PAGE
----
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Thread: K1100LT Rear Brake

  1. #1
    Registered User kgadley01's Avatar
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    K1100LT Rear Brake

    Hi all, about 1 month ago I purchased a 1993 K1100Lt w/45,000 miles on it. yesterday while on a ride the rear brakes locked up. I loosened the bleeder to release the pressure and rode home. today I back bled from the bleeder on the caliper to the bleeder on top of the ABS unit. I went for a ride and the rear brakes tried to lock up again. I had to loosen the bleeder to get home again. What am I missing or doing wrong. Please help...
    Last edited by kgadley01; 09-24-2010 at 10:53 PM. Reason: spelling
    AKA SNAPGADGET
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  2. #2
    Either the linkage has been set up so that fluid can not return to the master cyilnder via the vent port, or the vent port is closed from corrosion. Start by seeing whether the brake pedal has a little free play.

  3. #3
    Registered User kgadley01's Avatar
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    the pedal has free play, and it will pump up. I just don't understand why its trying to lock up...
    AKA SNAPGADGET
    Lifes too short to ride an ugly Motorcycle

  4. #4
    Quote Originally Posted by kgadley01 View Post
    the pedal has free play, and it will pump up. I just don't understand why its trying to lock up...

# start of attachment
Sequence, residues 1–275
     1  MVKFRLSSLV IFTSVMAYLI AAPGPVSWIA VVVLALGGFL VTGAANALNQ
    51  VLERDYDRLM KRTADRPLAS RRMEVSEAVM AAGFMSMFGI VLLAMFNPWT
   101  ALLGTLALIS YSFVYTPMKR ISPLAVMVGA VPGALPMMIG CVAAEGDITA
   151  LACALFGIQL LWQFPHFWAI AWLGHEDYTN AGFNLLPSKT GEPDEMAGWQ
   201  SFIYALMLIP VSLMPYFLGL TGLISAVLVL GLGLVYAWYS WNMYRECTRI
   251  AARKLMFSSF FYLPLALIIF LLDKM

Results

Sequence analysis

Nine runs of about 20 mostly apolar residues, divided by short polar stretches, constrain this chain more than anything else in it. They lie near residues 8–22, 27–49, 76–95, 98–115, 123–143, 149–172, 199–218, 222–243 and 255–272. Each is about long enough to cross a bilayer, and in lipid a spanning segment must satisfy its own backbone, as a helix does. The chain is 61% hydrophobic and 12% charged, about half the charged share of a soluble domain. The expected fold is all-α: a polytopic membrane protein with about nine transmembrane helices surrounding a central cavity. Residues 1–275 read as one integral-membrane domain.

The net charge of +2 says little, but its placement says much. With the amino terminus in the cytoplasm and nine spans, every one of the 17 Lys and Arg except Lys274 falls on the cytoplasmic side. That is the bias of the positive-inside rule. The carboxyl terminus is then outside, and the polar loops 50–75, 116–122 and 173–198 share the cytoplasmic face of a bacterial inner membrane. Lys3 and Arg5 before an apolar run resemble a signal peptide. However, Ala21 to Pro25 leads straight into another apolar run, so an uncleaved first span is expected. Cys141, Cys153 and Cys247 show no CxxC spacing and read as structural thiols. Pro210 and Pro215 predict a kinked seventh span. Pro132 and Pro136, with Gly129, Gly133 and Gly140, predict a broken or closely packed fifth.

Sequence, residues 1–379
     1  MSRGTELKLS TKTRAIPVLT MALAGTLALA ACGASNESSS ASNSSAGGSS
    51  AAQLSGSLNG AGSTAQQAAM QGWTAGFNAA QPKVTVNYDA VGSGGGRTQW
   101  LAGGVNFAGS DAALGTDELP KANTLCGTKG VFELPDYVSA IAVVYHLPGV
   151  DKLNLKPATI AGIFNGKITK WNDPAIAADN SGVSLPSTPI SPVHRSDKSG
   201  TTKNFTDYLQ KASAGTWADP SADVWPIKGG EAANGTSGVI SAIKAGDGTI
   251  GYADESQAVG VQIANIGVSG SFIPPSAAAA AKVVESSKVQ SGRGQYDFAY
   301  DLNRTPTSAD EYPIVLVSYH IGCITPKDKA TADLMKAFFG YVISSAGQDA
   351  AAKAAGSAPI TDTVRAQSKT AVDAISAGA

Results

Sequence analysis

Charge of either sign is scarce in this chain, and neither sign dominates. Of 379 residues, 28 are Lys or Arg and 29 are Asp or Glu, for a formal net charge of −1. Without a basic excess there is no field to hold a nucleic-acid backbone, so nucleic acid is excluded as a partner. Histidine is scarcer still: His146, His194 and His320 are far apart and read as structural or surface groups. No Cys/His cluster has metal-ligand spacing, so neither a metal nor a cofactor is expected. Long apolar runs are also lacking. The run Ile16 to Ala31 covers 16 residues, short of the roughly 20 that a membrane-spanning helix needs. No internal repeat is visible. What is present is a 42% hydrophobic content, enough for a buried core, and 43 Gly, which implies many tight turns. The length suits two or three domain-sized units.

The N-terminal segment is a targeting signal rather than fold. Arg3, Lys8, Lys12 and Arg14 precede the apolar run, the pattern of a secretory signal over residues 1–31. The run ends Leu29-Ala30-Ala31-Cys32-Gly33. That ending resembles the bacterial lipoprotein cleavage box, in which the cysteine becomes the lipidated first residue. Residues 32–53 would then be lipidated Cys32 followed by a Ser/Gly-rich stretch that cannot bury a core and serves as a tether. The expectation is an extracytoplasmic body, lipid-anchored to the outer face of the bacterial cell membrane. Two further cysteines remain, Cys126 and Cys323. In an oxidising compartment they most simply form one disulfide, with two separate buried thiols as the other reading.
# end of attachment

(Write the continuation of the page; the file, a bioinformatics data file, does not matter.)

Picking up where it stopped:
The master cylinder pumps fluid to the wheel cylinder. But if the return orifice (little hole in the master cylinder) is plugged the fluid doesn't all flow back to the master cylinder when you get off the brakes. So they drag a little. And get hot. And the trapped fluid expands. And the drag gets worse. And they get hotter. And more drag, and more heat until they lock up.

    You may need to removed the master cylinder, remove the little grub screw in the side, and remove the piston. At this point you can judge the corrosion, clean things up, and blow any debris out of the hole with compressed air.

    The other possibility not yet mentioned is that new pads were installed and the reservoir is so full that the fluid has no place to go. Check that first.
    Paul Glaves - "Big Bend", Texas U.S.A
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  5. #5
    Registered User kgadley01's Avatar
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    Thanks Paul...
    AKA SNAPGADGET
    Lifes too short to ride an ugly Motorcycle

  6. #6
    Fortis Fortuna Adiuvat Omega Man's Avatar
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    If the bike has older rubber hoses on it-I have seen the internals of the rubber in hoses get so weak/bad that the rubber has collapsed. The collapse expands with the pressure-push of the pedal-but as there is no real pressure on the return trip the collapse effectively becomes a one way check valve. Sort of difficult to check-it's a time/ patience thing. HTH Gary
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  7. #7
    BUDDINGGEEZER
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    Quote Originally Posted by Omega Man View Post
    If the bike has older rubber hoses on it-I have seen the internals of the rubber in hoses get so weak/bad that the rubber has collapsed. The collapse expands with the pressure-push of the pedal-but as there is no real pressure on the return trip the collapse effectively becomes a one way check valve. Sort of difficult to check-it's a time/ patience thing. HTH Gary
    I had this happen on a GMC pickup. Stopped up master cylinder also.

    Ralph Sims

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